Many of the IDF infantry and tank units that participated in the chaotic deployment of ground troops into Lebanon on August 12—the day after the ceasefire was agreed to—resented it. Because of the setbacks on the battlefield, many of these units were brought back into Israel and demobilized within days after the ceasefire took hold; and almost immediately they and their families became a focus of strident opposition to Olmert and Peretz. One group of 160 infantry reservists reportedly decided even before they were demobilized that they wanted to join an August 17 demonstration, but their officers delayed their demobilization by a day to prevent them from doing so. One week later, the parents of at least three of the soldiers killed in Lebanon joined the Friday protest.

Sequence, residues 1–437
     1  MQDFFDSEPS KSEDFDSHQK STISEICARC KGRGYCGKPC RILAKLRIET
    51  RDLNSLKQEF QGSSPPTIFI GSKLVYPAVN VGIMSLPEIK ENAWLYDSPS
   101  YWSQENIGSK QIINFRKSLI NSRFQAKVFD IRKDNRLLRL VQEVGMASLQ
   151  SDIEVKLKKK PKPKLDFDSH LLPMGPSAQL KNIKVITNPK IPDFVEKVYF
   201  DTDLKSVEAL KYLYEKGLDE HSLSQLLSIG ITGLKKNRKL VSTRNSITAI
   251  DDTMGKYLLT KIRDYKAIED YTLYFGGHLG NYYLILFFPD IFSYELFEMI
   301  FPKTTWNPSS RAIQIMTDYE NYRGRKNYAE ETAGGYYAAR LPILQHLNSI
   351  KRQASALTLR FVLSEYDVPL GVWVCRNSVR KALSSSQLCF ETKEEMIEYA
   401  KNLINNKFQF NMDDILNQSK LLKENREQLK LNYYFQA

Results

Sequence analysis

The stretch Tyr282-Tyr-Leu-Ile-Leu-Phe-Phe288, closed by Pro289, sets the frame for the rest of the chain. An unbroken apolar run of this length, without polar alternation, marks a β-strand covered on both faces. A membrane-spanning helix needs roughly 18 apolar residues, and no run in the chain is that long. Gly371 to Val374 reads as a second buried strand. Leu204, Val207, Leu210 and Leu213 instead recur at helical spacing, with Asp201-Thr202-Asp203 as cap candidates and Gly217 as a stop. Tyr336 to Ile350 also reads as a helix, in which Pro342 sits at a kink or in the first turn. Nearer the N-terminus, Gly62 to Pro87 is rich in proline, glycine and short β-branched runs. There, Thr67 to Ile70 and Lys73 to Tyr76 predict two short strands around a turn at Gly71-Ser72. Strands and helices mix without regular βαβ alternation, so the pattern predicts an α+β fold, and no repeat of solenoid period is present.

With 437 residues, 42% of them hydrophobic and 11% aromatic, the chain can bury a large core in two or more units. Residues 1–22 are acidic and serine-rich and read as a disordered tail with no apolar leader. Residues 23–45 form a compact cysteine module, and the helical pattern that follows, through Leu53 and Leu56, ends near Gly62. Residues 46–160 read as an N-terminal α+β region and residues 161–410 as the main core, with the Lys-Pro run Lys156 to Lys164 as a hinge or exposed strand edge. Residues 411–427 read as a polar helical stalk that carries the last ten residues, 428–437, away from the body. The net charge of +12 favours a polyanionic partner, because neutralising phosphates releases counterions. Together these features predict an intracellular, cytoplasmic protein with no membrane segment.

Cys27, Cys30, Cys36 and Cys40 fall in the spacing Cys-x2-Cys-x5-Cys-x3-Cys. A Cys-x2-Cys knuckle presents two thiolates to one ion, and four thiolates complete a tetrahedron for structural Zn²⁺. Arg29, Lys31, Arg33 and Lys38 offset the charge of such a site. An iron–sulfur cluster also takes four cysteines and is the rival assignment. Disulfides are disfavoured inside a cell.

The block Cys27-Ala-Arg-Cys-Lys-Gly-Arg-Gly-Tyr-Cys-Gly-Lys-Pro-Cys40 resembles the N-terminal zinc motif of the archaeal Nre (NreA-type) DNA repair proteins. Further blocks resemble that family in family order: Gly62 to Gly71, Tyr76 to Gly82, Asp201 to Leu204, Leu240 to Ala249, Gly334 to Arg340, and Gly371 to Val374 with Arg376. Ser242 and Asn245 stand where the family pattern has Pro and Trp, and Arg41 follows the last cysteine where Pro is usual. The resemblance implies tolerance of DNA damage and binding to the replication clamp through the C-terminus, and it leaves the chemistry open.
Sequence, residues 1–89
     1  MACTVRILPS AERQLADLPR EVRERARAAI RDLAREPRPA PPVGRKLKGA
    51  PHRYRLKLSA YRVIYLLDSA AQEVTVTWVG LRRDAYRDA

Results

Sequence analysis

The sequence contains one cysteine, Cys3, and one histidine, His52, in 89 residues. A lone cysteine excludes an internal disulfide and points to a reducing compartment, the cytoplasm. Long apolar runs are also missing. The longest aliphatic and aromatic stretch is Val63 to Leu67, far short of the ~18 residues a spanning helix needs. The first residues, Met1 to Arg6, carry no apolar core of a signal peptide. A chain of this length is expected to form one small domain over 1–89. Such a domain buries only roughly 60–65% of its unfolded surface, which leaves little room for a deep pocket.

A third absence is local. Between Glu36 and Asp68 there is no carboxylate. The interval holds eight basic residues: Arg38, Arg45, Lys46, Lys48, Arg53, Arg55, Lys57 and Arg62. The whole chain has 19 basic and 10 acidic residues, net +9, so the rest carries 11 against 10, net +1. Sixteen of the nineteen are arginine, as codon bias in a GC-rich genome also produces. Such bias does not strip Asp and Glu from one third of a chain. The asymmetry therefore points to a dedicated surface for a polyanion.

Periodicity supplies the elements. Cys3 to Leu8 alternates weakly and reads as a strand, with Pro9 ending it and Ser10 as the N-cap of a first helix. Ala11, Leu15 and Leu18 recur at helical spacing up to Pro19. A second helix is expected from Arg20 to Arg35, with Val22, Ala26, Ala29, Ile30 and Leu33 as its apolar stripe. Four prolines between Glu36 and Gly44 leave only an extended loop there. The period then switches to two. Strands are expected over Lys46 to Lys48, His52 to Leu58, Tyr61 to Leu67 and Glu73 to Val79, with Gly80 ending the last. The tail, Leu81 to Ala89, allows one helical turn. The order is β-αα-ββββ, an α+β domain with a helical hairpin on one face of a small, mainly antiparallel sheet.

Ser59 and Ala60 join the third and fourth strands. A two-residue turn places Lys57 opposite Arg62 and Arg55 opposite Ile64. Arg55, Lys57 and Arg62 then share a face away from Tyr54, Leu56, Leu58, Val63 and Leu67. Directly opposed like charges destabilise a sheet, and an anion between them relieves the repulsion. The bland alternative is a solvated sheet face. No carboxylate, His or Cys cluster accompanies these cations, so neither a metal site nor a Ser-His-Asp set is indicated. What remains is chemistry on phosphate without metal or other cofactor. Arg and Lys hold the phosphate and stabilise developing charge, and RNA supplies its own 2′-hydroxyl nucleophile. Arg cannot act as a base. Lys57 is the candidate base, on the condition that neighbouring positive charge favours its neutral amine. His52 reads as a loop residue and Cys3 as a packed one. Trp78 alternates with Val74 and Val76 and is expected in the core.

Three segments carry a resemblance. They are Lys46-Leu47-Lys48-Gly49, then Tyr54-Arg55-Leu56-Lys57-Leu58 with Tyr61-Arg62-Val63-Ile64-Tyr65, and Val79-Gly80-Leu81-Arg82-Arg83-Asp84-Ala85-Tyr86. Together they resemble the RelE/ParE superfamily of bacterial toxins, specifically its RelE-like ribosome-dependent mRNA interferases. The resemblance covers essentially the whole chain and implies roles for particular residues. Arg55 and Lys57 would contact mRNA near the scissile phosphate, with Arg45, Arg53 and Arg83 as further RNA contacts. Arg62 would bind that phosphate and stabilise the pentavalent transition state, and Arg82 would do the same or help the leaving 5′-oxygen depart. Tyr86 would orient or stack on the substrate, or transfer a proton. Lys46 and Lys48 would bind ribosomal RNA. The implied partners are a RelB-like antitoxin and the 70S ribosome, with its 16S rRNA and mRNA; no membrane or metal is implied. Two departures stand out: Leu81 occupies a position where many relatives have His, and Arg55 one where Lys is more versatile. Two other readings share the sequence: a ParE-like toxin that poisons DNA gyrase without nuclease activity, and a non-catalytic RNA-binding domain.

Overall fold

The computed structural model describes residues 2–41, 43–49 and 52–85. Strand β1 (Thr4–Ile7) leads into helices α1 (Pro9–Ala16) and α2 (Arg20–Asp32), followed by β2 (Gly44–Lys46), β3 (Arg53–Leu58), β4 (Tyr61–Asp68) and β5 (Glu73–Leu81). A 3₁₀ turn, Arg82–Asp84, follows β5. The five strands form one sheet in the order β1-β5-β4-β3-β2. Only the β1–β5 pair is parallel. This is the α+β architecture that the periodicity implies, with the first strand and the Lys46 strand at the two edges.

All this indicated a season of increasingly dire political challenges for Olmert. On August 25, Yedioth Ahronoth published the results of a poll that revealed that “63 percent of Israelis feel that Prime Minister Ehud Olmert failed in managing the war in Lebanon and should resign.” In Lebanon, meanwhile, pollsters reported on August 23 that 72 percent of Lebanese—including clear majorities within all the country’s major sectarian groups—judged that Hizbullah had won the recent war.
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The 33-day war had significant regional and global repercussions that have continued to reverberate in the weeks since August 14. Israel lost its bid to win power over the government of Lebanon. Hizbullah’s political stock rose across the whole Muslim Middle East as well as in Lebanon, where its new political strength has allowed it to begin to subvert the spirit if not the letter of point four of the seven-point plan.